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  1. A good example might be the color of a horse. The fact that one horse is brown does not imply that every other horse is brown. Brownness is not an essential characteristic of a horse. It is not even a necessary one. Other examples might be whether a horse has a limp, or whether it has been bred for racing. Let's get back to the original issue of "Objectivist" being a subclass of "libertarian" (again, "minarchist" might be better). Every Objectivist believes in his own life as the standard of value, but not every non-Objectivist libertarian shares this belief. However, both groups can be sub
  2. You are correct. What I meant was that a concept only requires its units to share some characteristics. I should have just said that what is true of one unit in a concept is not necessarily true of all other units in that concept. You're just taking the discussion back one step. OK, altruism and the denial of property rights are essentials of socialism. What's essential to altruism and the denial of property rights? Utilitarianism, religion, and social metaphysics. You can keep identifying intermediate steps, but you will eventually run into the fact that these philosophical motives are
  3. Characteristics essential to a concept are not always essential to broader concepts encompassing additional concretes. Consider the concept "mammal", defined as (http://encarta.msn.com/dictionary_/mammal.html): a class of warm-blooded vertebrate animals that have, in the female, milk-secreting organs for feeding the young [...] This definition does not represent the essential characteristic of man, defined as "a rational animal". Is the concept "mammal" thus invalid or useless? Of course that sentence isn't true. "Libertarian" (or perhaps "minarchist" would be better, see my exc
  4. We have no right to their services of government officials. On the other hand, poorly performing government officials have no right to remain in government. I see no violation of a police officer's rights in telling him that he can no longer use force outside of self-defense. Besides, government is a monopoly. An inept government that fails to protect rights is also preventing anyone else from protecting rights. By preventing the formation of a new, more effective government, the inept government is initiating force without justification. I think you're confusing the basic rights of gove
  5. "A libertarian is a person who holds that liberty is an absolute good." That’s a reasonable definition. If you believe that for reasons of etymology or tradition, the word “libertarian” must be attached to that particular concept, I can live with that. But in popular usage, a libertarian is no more “a person who holds that liberty is an absolute good” than a socialist is “a person who holds that social welfare is an absolute good”. If you choose to reject the popular meaning of a term and use it instead to label another concept, the burden is on you to show that there's something wrong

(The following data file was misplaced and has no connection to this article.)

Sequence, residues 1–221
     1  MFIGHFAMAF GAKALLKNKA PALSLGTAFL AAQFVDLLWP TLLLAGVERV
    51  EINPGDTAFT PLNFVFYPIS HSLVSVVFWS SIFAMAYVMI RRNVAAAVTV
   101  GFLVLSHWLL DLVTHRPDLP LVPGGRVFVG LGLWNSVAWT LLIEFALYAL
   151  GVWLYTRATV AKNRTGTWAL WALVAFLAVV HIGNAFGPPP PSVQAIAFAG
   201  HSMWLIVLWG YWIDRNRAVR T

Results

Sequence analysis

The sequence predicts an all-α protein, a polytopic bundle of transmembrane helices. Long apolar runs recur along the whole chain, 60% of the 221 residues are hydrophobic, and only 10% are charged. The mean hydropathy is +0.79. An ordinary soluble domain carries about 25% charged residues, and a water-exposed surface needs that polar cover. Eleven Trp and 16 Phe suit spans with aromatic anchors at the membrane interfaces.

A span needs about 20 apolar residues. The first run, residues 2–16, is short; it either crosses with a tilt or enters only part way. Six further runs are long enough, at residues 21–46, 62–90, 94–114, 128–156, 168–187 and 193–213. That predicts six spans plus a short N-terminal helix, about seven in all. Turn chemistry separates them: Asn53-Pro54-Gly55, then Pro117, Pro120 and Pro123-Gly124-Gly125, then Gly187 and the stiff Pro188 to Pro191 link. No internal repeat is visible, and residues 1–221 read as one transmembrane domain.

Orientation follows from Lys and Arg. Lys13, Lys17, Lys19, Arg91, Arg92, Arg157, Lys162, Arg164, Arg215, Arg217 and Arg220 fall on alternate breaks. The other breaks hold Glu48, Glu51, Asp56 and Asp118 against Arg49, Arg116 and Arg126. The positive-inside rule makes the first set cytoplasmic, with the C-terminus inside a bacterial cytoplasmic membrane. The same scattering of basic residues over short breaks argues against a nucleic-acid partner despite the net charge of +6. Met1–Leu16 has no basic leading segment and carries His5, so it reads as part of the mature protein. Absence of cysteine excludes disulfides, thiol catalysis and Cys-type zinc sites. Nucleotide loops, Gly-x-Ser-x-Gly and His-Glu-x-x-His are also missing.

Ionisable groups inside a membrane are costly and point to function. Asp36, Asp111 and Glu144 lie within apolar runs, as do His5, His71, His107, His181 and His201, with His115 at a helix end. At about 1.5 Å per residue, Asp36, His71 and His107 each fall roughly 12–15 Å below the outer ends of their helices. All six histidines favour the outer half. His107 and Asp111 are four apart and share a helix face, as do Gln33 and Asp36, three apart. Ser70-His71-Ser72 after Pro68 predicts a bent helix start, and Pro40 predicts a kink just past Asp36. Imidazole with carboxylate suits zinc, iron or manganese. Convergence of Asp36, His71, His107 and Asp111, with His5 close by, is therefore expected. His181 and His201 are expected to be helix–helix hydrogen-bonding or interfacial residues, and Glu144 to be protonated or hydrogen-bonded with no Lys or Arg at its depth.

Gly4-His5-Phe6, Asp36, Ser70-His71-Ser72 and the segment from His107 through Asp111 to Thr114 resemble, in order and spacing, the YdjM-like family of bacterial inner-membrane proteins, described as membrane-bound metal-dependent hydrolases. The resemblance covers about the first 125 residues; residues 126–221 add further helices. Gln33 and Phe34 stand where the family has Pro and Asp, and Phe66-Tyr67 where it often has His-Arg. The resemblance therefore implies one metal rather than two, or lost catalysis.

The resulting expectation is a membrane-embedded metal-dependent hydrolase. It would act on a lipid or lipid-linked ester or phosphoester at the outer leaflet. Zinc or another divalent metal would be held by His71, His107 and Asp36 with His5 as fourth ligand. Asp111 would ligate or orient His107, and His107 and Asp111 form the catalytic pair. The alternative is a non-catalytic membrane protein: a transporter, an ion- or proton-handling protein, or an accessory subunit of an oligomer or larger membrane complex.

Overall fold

6. Solution 3 seems potentially dangerous. When you speak of a "right to vote on how things are ran", you are talking about a "right to choose how force will be applied". Basically, the government would be selling the application of force against one's fellow citizens. Sure, some people would try to buy suffrage out of a rational interest in objective law. But they could likely be outbid by those seeking to make money through government force. The system you propose could easily lead to government initiating force on behalf of private parties. I think this would produce something near
  7. I've often heard Objectivists claim that Objectivists and non-Objectivist libertarians should not be grouped under the common name of "libertarian". I'm going to argue that we must have some concept (which I label "libertarian") that unifies these groups according to their common belief in a minimal state. To me, "libertarian" seems like a good name for this concept. As Rand defined it in Introduction to Objectivist Epistemology, a concept is "a mental integration of two or more units which are isolated according to a specific characteristic(s) and united by a specific definition." Many peo
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